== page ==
Dear Peter, believe it or not, a lot of those 1" wide platinum,
diamond encrusted bracelets and the like were made by individual
craftsmen - and some are still being trained in that tradition to
(I hate this next part, it makes me feel so old…) When I was
apprenticed in the early fifties, I was fortunate to be
apprenticed to an English jeweller in the old Hardy Brothers
workshops. This might not mean much today, but Hardy Brothers
were the vice-regal jewellers in Australia and while I was there,
were appointed jewellers and silversmiths to the Royals.
Hardy Brothers brought a number of very talented jewellers and
engravers from England to Australia just after WW2. Each one of
these craftsmen could make anything from a diamond ring to a
tiara on their own, unaided by anyone but a diamond setter and
the final polisher.
Proud men, but wonderfully generous in sharing their skills if
the apprentice showed respect and a keen willingness to learn.
The jeweller who trained me was proud of the fact that he’d
learnt from a master who had worked for Cartiers. They insisted
on their title of Master of apprentice and took the
responsibility of training the neophyte very seriously. There
were a number of occasions when I was summarily reminded that I
wasn’t taking it seriously enough!
Looking back on it, I realise that it could be seen as
uncompromising in many ways, but the level of training justified
the wholehearted dedication that those master jewellers demanded.
I still love making fine jewellery, although it’s a while since I
made a diamond tiara. Now that I’m teaching as well as making, I
realise how much more I have to offer my students as a result of
those “old world” apprenticeship and journeyman years. The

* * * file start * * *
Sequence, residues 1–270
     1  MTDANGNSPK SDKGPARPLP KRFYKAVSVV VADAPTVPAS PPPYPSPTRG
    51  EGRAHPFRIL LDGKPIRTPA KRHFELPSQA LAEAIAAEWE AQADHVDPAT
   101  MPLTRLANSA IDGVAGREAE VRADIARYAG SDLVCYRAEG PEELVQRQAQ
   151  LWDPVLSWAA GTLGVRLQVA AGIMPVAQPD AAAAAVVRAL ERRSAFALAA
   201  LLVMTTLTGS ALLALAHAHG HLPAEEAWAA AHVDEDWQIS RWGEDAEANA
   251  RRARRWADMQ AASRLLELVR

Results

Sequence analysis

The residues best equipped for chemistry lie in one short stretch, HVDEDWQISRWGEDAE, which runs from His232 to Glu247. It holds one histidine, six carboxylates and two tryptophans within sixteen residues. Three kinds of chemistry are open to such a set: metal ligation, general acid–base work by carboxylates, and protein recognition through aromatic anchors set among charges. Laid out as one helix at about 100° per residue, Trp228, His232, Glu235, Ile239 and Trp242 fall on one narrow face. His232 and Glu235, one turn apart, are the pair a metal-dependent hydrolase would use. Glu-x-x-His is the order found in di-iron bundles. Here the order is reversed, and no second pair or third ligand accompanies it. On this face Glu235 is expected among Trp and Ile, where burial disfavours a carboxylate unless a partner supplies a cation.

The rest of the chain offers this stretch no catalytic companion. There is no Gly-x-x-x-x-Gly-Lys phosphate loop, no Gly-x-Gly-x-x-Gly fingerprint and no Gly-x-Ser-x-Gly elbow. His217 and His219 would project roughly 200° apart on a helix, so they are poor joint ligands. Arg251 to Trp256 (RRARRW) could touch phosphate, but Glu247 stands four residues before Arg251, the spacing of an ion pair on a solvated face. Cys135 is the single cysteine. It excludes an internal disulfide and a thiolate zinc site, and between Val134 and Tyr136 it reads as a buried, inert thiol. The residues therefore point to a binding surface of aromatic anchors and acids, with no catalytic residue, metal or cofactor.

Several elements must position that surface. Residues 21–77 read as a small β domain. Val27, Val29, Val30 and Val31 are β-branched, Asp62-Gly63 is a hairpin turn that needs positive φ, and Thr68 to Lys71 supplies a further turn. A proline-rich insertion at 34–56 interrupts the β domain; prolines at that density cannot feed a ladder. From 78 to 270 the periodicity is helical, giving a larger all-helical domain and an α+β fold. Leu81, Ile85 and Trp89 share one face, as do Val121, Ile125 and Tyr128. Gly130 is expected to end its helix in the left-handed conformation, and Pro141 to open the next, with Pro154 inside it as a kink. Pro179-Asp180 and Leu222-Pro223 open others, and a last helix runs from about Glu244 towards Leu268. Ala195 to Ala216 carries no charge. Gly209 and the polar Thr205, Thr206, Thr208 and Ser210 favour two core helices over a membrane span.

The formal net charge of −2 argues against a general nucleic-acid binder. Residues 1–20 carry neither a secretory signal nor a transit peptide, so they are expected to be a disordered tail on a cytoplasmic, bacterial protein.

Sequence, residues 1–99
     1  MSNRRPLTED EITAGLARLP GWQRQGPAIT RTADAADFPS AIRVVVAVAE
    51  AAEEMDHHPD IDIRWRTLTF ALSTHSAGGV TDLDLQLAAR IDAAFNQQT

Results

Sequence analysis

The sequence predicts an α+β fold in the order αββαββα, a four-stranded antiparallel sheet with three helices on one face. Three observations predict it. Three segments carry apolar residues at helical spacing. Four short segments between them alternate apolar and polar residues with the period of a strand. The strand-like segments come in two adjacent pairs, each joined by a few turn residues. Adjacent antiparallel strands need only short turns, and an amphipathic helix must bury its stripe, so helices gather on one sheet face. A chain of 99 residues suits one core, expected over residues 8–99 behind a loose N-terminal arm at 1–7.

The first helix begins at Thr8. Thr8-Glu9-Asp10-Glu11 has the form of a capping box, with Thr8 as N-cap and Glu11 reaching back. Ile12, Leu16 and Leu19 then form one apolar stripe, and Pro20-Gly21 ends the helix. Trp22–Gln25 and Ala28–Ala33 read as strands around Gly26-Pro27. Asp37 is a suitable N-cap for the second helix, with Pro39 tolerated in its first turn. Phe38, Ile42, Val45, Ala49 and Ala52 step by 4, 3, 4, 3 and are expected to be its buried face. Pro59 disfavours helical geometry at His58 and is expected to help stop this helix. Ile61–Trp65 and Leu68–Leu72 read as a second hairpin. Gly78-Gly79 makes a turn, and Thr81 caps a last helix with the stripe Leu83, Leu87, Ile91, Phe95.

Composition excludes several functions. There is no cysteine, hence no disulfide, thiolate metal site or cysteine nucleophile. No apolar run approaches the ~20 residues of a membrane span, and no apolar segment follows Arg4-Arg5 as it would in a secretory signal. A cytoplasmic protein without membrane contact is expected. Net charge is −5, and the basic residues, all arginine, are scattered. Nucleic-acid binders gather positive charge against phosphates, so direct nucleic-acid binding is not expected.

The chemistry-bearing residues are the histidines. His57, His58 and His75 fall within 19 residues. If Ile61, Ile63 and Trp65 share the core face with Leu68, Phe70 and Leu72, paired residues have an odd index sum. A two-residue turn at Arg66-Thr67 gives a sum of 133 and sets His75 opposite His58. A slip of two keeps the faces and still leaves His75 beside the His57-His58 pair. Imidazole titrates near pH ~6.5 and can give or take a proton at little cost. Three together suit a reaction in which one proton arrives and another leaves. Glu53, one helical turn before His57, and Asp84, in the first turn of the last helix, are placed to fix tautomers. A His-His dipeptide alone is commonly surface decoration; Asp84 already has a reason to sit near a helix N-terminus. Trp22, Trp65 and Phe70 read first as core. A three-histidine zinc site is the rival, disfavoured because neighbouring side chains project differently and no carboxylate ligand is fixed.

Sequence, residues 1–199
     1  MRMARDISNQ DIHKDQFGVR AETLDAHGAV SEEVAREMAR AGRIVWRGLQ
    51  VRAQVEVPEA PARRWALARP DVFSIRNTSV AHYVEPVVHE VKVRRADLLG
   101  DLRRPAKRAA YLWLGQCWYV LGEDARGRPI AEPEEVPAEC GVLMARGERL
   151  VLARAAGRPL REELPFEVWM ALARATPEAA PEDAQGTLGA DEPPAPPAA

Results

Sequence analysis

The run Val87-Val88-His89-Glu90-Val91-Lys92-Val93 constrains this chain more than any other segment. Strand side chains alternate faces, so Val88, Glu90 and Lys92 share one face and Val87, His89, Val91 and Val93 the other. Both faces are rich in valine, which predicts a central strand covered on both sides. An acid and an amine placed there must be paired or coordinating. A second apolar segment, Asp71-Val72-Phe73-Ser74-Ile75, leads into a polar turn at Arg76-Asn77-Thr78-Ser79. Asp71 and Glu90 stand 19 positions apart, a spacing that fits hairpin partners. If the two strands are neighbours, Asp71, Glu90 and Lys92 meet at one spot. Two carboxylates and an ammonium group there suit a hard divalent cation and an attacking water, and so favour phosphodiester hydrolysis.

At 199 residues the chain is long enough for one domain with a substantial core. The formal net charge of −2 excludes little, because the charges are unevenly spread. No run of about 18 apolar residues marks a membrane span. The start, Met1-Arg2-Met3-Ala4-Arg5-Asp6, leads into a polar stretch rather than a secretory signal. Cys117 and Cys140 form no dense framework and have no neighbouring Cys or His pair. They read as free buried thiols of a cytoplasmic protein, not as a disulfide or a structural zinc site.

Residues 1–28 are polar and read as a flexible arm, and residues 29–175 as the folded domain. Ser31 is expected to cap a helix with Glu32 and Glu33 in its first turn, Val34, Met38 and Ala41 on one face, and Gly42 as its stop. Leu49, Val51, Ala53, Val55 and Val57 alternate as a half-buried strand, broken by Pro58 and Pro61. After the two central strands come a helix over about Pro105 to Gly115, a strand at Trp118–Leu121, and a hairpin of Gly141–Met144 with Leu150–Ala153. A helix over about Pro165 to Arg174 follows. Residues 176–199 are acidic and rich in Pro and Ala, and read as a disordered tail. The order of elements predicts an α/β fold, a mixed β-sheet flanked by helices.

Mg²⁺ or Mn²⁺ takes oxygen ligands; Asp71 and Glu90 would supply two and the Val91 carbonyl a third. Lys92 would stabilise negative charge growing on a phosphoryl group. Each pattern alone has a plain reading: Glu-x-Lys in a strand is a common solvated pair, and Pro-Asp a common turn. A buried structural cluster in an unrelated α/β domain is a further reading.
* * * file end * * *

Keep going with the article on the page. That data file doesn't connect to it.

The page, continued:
satisfaction of showing and guiding my students how to make a
properly jointed bracelet, without compromising or diminishing
the most avant-guarde modernity of their own creative designing,
is wonderful. Time and time again, the knowledge of an old but
sound technique stimulates them to even greater heights of design
Young jewellers’ enthusiasm for sound technique and skill is
heartening. Being a jeweller is a wonderful and important thing.
I like to make them aware of at least two things which are a
constant background to their skills:
The first is that in a world of mass production there is a great
hunger for the unique, hand-crafted item. Just imagine, I remind
them, if your car or your stove or even your toaster was made
with the same care and attention we give to making a piece of
The second is to have respect for what they do. Perhaps
jewellery is the only individually designed, handmade thing that
many of us can still afford to buy.
What genuinely saddens me is the contemporary Gadarine rush to
mass production for the dubious benefits of a “global economy”.
The consequent diminution and loss of so many skills, whose only
fault is that they were time-consuming, is tragic. However, hope
lies in forums like Orchid where generous sharing seems to be a
point of honour.
Today the Internet, tomorrow - perhaps - the Matter Transmitter.
All we need now is for some brilliant scientist to create a
network of matter transmitter portals a-la-“Star Trek” and we’ll
all be able to flit back and forth for a bit of good
old-fashioned, hands-on, show-how! Feel good about your “small
steps”, Peter, that’s how we all get to where we’re going in this
Kind regards, Rex from Oz